This final rule establishes tolerances under FFDCA section 408(d) in response to a petition submitted to the Agency. The Office of Management and Budget (OMB) has exempted these types of actions from review under Executive Order 12866, entitled “Regulatory Planning and Review” (58 FR 51735, October 4, 1993). Because this final rule has been exempted from review under Executive Order 12866, this final rule is not subject to Executive Order 13211, entitled “Actions Concerning Regulations That Significantly Affect Energy Supply, Distribution, or Use” (66 FR 28355, May 22, 2001) or Executive Order 13045, entitled “Protection of Children from Environmental Health Risks and Safety Risks” (62 FR 19885, April 23, 1997). This final rule does not contain any information collections subject to OMB approval under the Paperwork Reduction Act (PRA) (44 U.S.C. 3501 et seq.), nor does it require any special considerations under Executive Order 12898, entitled “Federal Actions to Address Environmental Justice in Minority Populations and Low-Income Populations” (59 FR 7629, February 16, 1994).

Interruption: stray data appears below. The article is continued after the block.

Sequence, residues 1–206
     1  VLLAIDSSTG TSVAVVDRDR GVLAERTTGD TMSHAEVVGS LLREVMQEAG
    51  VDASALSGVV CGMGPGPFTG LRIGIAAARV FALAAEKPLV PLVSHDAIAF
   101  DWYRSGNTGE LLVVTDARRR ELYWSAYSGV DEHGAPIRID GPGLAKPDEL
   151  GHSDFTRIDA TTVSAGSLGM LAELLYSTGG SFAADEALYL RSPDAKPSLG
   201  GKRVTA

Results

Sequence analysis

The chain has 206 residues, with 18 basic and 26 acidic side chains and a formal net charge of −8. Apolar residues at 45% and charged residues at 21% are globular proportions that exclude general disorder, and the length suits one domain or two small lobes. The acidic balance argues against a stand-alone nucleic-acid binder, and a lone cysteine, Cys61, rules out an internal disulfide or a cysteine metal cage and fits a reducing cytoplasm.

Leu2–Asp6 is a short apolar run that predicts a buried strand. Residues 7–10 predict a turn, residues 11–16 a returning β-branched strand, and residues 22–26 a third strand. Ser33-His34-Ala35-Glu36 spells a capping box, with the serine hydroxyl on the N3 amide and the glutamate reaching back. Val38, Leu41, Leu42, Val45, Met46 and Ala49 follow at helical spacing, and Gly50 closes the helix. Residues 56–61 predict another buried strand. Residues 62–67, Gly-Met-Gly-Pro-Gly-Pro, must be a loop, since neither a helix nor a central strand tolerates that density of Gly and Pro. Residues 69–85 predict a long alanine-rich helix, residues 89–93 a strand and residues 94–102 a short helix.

Since tolerances and exemptions that are established on the basis of a petition under FFDCA section 408(d), such as the tolerance in this final rule, do not require the issuance of a proposed rule, the requirements of the Regulatory Flexibility Act (RFA) (5 U.S.C. 601 et seq.), do not apply.